sexual desire boosted by breastfeeding odours - chemical absorbent pads
The researchers found that Alison mokluk believes that women's sexual desire is stimulated by the smell emitted by breast-fed women and newborns.
This finding adds to the growing evidence that our natural scents affect others at an unconscious level, and reinforces the argument that the human information element exists and still has a subtle effect on us.
In this study, scents associated with breastfeeding increased the sexual intimacy of childless female volunteers.
Why this is a mystery, but the researchers believe that this may be a way for women to signal to each other that the environment is a good breeding environment.
Julie Mennella of the Monell Chemical Sensory center in Philadelphia and a team at the University of Chicago asked 26 nursing mothers to wear water suction pads under their bras and underarms.
The smell collected on the mat may come from the mother and the feeding baby.
Another 45 women who had never given birth received a "sniff challenge" over the next three months ".
For a month, all women sniffed control pads with phosphate buffer four times a day.
During the last two months, some women were randomly selected to sniff pads with a compound that was breast-fed, while others continued to use a controlled scent pad.
The volunteers measured their body temperature every day, collected urine samples and recorded their sexual behavior.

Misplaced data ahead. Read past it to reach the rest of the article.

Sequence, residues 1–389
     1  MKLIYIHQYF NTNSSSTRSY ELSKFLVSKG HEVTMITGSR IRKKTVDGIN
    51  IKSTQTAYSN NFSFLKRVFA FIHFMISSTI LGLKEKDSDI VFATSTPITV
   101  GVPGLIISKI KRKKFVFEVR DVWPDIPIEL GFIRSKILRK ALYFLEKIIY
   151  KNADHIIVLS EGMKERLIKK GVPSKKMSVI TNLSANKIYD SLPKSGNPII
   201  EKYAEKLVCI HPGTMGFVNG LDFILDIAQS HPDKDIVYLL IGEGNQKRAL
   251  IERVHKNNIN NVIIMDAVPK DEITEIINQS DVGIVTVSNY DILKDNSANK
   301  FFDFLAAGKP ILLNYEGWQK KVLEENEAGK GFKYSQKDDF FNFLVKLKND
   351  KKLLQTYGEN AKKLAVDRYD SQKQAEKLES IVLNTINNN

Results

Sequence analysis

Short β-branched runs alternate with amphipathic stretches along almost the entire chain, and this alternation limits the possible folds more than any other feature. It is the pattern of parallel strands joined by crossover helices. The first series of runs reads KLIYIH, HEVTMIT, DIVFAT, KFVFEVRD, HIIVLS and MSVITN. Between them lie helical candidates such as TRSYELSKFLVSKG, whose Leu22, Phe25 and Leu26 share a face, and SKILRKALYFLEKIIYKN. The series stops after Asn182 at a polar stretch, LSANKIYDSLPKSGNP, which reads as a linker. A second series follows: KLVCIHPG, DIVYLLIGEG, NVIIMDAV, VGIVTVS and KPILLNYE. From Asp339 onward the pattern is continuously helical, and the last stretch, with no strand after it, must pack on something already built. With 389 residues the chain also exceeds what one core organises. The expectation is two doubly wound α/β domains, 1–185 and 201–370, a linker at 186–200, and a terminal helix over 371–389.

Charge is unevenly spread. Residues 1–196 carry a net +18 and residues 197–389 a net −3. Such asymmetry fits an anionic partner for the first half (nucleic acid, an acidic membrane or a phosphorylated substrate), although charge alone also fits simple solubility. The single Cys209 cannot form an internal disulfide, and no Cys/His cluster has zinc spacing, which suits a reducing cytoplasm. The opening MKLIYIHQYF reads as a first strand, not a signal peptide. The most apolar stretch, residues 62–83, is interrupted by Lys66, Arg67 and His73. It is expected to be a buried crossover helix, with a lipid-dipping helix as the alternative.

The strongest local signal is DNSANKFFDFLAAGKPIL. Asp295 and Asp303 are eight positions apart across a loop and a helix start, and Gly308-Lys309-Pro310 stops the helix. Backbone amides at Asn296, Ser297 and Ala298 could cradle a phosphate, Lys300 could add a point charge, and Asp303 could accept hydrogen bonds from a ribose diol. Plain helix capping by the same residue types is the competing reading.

On 2001, Mennella's team found that the smell of exposure to breastfeeding disrupted the menstrual cycle of volunteers and the colon;
The longer the cycle, the shorter the cycle.
This new study reveals a more subtle effect.
While women who smell breastfeeding compounds do not report an increase in sexual behavior-which is most notably affected by the absence or presence of a partner-they do report a significant increase in sexual desire and a more persistent fantasy.
"The data is amazing," said Mennella, who presented her evidence this week at a meeting of the chemical reaction Science Association in Sarasota, Florida.
She concluded that these chemicals, which encourage other women to reproduce, may have evolved into a signal that the environment is appropriate for raising young people.
In many cultures, new
We encourage married young women to spend their time with new mothers to increase their chances of having children, she said.
"I want to know if these cultures are digging something.
"She is keen to know if the smell of breastfeeding has any effect on fertility.
Richard Brown, a psychologist at Dalhousie University in Halifax, Nova Scotia, notes that these are only preliminary findings.
But he noted that progesterone levels in breast-fed women were higher than normal.
"Maybe the effect of high progesterone is like a male hormone," he speculated . "
"Maybe that's the weirdest thing they're producing men --like odours.